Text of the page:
Three days in Sea Isle City, New Jersey. No more and no less. We stayed at the Dolphin Motel at 4th and Landis. Every single year.

That last year, the summer of 1984, I was being a pest about the vacation thing. Call it being a teenager whose friends were going places, call it intuition, but I was absolutely insistent on the idea of our family taking our traditional Sea Isle City vacation. Come hell or high water, we were going downashore, as we say in Philadelphia.

It would be our last family vacation ever. Six months later, my dad would be dead at the age of 44 after a bout with the flu and a stomach virus that attacked his heart.

But that August, as we sat on the sandy beaches of New Jersey, my dad had spoken to his sister. She and her husband were thinking of buying a beach house not too far away from where we were sitting. The place was steeped in tradition for her. Right after Sea Isle City, New Jersey comes a tiny blip of a town called Strathmere, one so small that it rarely makes it onto the maps. Nestled between Sea Isle and Strathmere is a strip of beach called Whale Beach, which is where my dad and aunt vacationed as children with their parents every summer.

Since we were down in Sea Isle, my aunt asked her brother, would we have a few minutes to stop over at this house she was considering buying and give her his opinion? She trusted him, valued his feedback.

We piled into our golden yellow 1973 Pontiac LeMans and drove over to see the house. We didn’t even get out of the car, didn’t even allow 5 minutes to pass before my dad found a pay phone and called my aunt, hollering that the place was a dump and that she had to be out of her goddamn mind to even think about buying that house.

We later learned that we had gotten the address wrong and the house was several houses up the street – also in not-great condition, but that didn’t stop my aunt and uncle from purchasing it.

My dad never made it to the real Strathmere beach house. Settlement was the same weekend we buried him.

For 27 years, that house has been ours. Not ours ours: my aunt and uncle’s, who have graciously hosted family and friends alike for all of those years. It has a weatherbeaten, lived in feeling that makes whomever is occupying it at the time feel like it is their home.

By Strathmere Bay

Because of my dad and the family connection and history, I like to be down at the beach house on Father’s Day weekend. During the last few years, that’s coincided nicely with our vacation times from work and that’s where we’ve been. I like being around the sepia-toned photographs in the house of him and my aunt as children, sitting on a dock that is a few hundred yards from where his never-met twin grandchildren jump in the waves.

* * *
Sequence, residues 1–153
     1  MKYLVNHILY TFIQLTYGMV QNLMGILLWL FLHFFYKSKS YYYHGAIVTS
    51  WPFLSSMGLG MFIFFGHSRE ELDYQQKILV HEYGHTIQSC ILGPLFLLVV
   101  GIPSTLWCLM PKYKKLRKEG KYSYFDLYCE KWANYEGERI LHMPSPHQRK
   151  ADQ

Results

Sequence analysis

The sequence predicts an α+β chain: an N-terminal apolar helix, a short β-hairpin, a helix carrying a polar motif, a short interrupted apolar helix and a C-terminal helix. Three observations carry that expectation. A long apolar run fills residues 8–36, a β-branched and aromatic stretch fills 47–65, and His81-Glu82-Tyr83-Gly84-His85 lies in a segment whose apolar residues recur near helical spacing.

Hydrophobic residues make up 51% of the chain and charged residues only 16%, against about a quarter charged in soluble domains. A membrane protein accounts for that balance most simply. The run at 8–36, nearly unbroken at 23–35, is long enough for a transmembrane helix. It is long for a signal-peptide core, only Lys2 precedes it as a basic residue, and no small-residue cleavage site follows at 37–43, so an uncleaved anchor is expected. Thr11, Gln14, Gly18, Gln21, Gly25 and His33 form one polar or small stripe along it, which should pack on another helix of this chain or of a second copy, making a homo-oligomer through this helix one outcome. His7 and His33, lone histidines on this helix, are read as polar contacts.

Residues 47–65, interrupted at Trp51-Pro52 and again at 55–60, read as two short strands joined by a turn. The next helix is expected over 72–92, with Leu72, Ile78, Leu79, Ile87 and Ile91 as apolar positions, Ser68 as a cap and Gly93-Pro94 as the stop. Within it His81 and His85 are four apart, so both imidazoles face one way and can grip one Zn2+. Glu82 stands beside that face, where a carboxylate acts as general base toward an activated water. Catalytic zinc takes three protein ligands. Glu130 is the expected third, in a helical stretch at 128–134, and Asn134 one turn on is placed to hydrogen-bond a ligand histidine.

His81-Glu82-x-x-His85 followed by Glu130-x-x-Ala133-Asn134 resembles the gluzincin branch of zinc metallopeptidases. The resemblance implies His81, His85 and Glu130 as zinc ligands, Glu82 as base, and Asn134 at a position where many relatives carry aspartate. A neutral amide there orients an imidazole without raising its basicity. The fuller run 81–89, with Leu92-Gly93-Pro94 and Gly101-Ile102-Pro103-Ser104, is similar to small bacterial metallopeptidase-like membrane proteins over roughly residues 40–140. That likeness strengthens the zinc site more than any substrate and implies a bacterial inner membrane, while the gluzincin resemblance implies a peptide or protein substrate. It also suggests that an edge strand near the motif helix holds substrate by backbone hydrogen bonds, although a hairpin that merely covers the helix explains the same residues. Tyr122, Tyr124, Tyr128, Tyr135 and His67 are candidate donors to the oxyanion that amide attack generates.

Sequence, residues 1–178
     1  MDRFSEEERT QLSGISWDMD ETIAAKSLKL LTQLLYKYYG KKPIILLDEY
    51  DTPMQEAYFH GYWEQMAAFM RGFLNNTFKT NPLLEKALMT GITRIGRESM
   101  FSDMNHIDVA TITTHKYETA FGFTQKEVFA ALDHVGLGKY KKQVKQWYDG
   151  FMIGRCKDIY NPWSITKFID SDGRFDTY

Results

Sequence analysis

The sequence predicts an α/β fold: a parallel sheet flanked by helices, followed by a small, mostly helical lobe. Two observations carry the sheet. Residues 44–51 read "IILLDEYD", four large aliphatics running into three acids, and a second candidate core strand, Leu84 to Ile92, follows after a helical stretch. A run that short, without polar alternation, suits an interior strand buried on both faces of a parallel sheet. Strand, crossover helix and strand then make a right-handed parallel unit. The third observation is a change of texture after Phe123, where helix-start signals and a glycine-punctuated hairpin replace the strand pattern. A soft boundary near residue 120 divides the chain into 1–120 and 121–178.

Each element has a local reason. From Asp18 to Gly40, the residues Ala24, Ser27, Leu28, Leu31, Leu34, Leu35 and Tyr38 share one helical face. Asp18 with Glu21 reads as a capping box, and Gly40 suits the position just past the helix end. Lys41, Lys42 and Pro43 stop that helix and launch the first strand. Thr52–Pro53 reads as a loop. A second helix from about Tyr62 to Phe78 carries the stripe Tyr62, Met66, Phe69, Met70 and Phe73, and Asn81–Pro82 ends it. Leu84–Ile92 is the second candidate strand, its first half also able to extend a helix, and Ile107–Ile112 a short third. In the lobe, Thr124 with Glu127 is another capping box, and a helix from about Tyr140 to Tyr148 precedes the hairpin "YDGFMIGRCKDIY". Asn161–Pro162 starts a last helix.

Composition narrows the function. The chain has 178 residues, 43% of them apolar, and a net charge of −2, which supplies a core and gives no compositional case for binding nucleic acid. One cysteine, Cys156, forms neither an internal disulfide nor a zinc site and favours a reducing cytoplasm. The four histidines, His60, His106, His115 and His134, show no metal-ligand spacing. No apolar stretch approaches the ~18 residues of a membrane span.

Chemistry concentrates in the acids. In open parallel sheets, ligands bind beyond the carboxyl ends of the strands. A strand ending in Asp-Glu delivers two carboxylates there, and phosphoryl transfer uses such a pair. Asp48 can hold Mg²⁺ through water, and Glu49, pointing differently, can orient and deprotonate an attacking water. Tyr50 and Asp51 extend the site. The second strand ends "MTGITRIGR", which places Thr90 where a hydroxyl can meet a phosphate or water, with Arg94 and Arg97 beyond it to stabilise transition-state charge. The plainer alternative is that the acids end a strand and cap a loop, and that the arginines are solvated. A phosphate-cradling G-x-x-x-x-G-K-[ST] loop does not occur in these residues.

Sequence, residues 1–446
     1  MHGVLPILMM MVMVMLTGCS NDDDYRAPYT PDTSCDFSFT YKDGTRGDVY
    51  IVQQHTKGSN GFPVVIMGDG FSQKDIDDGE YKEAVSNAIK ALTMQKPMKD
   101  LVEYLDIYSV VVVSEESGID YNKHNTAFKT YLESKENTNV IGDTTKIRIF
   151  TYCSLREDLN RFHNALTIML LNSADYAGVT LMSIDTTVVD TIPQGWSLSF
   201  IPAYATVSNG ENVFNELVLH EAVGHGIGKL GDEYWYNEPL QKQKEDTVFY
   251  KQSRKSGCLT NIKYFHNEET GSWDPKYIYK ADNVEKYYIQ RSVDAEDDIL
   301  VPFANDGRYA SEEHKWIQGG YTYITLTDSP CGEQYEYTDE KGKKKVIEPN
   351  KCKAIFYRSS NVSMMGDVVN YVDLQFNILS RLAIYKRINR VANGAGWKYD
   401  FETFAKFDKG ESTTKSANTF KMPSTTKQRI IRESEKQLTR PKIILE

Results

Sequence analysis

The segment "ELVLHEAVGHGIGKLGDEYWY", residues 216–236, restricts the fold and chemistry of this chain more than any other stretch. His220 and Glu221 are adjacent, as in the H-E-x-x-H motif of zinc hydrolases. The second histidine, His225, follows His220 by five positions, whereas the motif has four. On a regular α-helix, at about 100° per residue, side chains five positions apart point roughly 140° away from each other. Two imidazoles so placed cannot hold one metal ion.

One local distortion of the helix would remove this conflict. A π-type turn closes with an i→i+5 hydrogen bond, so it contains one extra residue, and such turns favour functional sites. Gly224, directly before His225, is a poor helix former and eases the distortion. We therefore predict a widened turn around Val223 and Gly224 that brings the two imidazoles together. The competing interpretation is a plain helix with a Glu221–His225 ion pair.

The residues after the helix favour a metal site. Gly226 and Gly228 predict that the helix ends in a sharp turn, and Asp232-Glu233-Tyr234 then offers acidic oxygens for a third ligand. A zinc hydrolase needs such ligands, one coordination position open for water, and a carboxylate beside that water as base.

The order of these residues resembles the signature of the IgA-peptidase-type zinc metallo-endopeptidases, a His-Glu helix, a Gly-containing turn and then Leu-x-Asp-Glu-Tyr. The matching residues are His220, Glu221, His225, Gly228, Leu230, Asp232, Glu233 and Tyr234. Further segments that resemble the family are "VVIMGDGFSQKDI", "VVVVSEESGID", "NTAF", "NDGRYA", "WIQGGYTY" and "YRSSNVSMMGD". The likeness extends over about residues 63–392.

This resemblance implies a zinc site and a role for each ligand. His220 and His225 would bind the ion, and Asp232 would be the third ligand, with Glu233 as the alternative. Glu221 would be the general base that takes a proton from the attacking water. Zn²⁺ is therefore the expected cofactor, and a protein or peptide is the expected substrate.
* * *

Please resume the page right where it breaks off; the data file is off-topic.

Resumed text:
I like to imagine that he sits there, still, watching.

On Monday, as I wrote in my previous post (“Better Days”), this was the scene on the street of the shore house as Hurricane Sandy pounded the Jersey shore.

We were already nervous and worried enough about The Husband’s surgery on November 1. And even though I knew this was “just a house,” I could not face the possibility of losing this, too. Seeing this picture, though (before high tide) made me convinced that we had just spent our last family vacation in Strathmere.

On Tuesday and Wednesday, I spent a lot of time checking Facebook and Twitter for Sandy updates. I found two souls in Strathmere (more on them in another post) who were photographing homes and the town and updating residents, easing their minds. Things were, one of them said, better than we might had thought.

And then, as I sat in The Husband’s hospital room watching him sleep, a photo came from my brother.

“Our” house. Still standing. Completely the same. Practically untouched.

“UNBELIEVABLE!!!!!” he wrote. No damage whatsoever. My brother had driven down to the house with my uncle to survey the situation and they found no damage at all.

I stared at the photo, showed my groggy husband. “Look!” I exclaimed, trying to break through his drug-induced post-surgical haze. “There’s no damage at the house!”

“Thaz niiiice,” he slurred.

I sat back down and stared at the photo some more.  Made a donation to the Red Cross in gratitude.

And wondered if maybe my handyman Dad did his sister another favor after all, stopping by the house again to make sure everything was okay.

Thanks for getting the address right this time, Dad. Thank you. So much.